Copyright 1993 David Metcalfe (firstname.lastname@example.org) %%%LICENSE_START(VERBATIM) Permission is granted to make and distribute verbatim copies of this manual provided the copyright notice and this permission notice are preserved on all copies. Permission is granted to copy and distribute modified versions of this manual under the conditions for verbatim copying, provided that the entire resulting derived work is distributed under the terms of a permission notice identical to this one. Sin...
NAMEstrdup, strndup, strdupa, strndupa - duplicate a string
#include <string.h> char *strdup(const char *s); char *strndup(const char *s, size_t n);
char *strdupa(const char *s);
char *strndupa(const char *s, size_t n);
Feature Test Macro Requirements for glibc (see feature_test_macros(7)):
_SVID_SOURCE || _BSD_SOURCE || _XOPEN_SOURCE >= 500 ||
_XOPEN_SOURCE && _XOPEN_SOURCE_EXTENDED
|| /* Since glibc 2.12: */ _POSIX_C_SOURCE >= 200809L
- Since glibc 2.10:
- _POSIX_C_SOURCE >= 200809L || _XOPEN_SOURCE >= 700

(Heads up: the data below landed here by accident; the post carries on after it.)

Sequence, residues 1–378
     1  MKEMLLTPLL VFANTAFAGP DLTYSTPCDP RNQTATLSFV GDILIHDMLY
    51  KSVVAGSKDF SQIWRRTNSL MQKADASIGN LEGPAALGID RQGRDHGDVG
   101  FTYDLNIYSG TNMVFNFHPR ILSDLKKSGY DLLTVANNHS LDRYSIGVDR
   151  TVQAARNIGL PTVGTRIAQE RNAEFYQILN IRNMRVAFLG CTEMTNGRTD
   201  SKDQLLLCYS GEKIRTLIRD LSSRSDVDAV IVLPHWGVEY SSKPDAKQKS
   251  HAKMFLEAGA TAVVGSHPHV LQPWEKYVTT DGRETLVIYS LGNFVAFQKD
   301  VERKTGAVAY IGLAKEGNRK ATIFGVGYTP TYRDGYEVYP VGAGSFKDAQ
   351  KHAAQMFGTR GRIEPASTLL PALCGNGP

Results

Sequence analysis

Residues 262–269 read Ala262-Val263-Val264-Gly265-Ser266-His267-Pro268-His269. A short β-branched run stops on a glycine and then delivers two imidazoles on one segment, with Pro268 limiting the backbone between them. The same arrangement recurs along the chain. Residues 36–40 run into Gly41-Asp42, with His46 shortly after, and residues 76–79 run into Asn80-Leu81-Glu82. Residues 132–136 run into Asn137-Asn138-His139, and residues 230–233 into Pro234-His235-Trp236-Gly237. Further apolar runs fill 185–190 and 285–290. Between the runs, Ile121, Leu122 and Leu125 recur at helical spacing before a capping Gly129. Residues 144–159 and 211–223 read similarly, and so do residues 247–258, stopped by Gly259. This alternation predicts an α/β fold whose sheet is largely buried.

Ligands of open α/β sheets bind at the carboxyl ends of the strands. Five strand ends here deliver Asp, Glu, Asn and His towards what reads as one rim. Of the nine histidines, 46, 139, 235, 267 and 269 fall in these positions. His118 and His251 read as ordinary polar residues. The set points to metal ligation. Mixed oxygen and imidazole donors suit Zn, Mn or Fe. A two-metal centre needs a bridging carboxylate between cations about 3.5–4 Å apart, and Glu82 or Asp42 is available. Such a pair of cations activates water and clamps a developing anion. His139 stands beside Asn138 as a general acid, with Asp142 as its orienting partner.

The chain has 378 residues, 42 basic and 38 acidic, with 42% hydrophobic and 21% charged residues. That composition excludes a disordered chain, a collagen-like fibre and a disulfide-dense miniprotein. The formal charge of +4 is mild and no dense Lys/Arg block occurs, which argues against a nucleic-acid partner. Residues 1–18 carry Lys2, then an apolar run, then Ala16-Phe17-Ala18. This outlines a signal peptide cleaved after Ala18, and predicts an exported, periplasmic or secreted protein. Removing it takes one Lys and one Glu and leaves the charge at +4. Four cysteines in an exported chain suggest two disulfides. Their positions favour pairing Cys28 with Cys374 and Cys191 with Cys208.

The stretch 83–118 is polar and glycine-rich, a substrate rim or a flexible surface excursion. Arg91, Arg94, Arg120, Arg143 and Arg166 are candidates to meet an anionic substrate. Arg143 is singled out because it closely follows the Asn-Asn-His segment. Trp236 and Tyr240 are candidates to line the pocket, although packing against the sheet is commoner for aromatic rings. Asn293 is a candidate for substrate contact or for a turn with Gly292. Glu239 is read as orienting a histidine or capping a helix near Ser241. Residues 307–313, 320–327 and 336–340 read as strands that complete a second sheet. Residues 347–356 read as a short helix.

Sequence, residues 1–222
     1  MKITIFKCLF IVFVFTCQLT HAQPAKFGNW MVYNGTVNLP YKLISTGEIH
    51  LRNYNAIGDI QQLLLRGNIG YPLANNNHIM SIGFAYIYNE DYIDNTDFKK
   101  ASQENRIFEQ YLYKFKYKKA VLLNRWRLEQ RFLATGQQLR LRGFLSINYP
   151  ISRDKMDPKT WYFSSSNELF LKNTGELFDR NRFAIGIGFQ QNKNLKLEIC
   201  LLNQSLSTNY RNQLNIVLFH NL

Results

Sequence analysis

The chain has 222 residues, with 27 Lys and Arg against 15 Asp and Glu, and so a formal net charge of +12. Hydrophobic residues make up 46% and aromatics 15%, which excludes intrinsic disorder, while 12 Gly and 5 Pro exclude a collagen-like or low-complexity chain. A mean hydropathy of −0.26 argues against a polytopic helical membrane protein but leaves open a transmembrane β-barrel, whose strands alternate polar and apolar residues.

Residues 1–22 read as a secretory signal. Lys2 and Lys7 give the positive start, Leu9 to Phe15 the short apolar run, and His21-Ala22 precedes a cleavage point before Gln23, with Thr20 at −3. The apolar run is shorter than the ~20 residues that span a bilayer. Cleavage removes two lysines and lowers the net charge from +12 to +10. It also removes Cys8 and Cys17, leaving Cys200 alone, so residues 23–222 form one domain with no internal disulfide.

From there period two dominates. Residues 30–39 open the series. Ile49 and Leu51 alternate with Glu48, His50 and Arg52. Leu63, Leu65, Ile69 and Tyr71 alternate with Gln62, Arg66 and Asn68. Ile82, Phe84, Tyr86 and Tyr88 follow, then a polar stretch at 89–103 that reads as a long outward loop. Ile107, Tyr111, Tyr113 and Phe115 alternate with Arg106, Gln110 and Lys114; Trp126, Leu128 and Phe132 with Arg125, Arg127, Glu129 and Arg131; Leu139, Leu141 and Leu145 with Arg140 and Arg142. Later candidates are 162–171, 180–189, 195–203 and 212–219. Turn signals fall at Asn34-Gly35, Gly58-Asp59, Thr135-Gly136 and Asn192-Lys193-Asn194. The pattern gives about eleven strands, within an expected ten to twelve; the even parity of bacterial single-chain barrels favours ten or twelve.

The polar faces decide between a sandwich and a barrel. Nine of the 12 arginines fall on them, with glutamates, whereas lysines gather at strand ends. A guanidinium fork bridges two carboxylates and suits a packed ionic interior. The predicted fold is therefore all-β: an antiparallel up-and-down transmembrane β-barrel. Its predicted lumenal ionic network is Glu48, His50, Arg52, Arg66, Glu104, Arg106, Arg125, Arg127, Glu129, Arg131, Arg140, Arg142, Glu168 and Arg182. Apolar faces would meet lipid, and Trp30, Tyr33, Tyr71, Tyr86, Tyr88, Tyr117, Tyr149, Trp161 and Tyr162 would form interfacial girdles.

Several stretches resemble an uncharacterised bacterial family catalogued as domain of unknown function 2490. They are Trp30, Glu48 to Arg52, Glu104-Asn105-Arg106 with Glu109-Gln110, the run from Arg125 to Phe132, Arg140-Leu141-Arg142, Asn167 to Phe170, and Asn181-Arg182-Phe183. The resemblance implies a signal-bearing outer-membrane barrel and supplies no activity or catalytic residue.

- Before glibc 2.10:
strdupa(), strndupa(): _GNU_SOURCE
DESCRIPTIONThe strdup() function returns a pointer to a new string which is a duplicate of the string s. Memory for the new string is obtained with malloc(3), and can be freed with free(3).
The strndup() function is similar, but copies at most n bytes. If s is longer than n, only n bytes are copied, and a terminating null byte (aq\0aq) is added.
strdupa() and strndupa() are similar, but use alloca(3) to allocate the buffer. They are available only when using the GNU GCC suite, and suffer from the same limitations described in alloca(3).
RETURN VALUEOn success, the strdup() function returns a pointer to the duplicated string. It returns NULL if insufficient memory was available, with errno set to indicate the cause of the error.
- Insufficient memory available to allocate duplicate string.
ATTRIBUTESFor an explanation of the terms used in this section, see attributes(7).